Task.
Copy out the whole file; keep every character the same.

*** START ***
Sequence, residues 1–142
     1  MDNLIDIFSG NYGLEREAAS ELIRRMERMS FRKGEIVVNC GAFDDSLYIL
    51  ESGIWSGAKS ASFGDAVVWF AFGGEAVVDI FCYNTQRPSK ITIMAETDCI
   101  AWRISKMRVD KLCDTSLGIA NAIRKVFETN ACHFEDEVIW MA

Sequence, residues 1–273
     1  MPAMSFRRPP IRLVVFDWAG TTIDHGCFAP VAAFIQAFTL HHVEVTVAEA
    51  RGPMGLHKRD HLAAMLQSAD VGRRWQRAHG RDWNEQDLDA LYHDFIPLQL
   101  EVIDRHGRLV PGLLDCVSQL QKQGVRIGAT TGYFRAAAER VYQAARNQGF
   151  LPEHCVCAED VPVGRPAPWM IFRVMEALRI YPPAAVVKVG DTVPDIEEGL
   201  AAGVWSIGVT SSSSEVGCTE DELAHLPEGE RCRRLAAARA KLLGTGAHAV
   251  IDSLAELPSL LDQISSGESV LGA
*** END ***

Sequence, residues 1–142
     1  MDNLIDIFSG NYGLEREAAS ELIRRMERMS FRKGEIVVNC GAFDDSLYIL
    51  ESGIWSGAKS ASFGDAVVWF AFGGEAVVDI FCYNTQRPSK ITIMAETDCI
   101  AWRISKMRVD KLCDTSLGIA NAIRKVFETN ACHFEDEVIW MA

Sequence, residues 1–273
     1  MPAMSFRRPP IRLVVFDWAG TTIDHGCFAP VAAFIQAFTL HHVEVTVAEA
    51  RGPMGLHKRD HLAAMLQSAD VGRRWQRAHG RDWNEQDLDA LYHDFIPLQL
   101  EVIDRHGRLV PGLLDCVSQL QKQGVRIGAT TGYFRAAAER VYQAARNQGF
   151  LPEHCVCAED VPVGRPAPWM IFRVMEALRI YPPAAVVKVG DTVPDIEEGL
   201  AAGVWSIGVT SSSSEVGCTE DELAHLPEGE RCRRLAAARA KLLGTGAHAV
   251  IDSLAELPSL LDQISSGESV LGA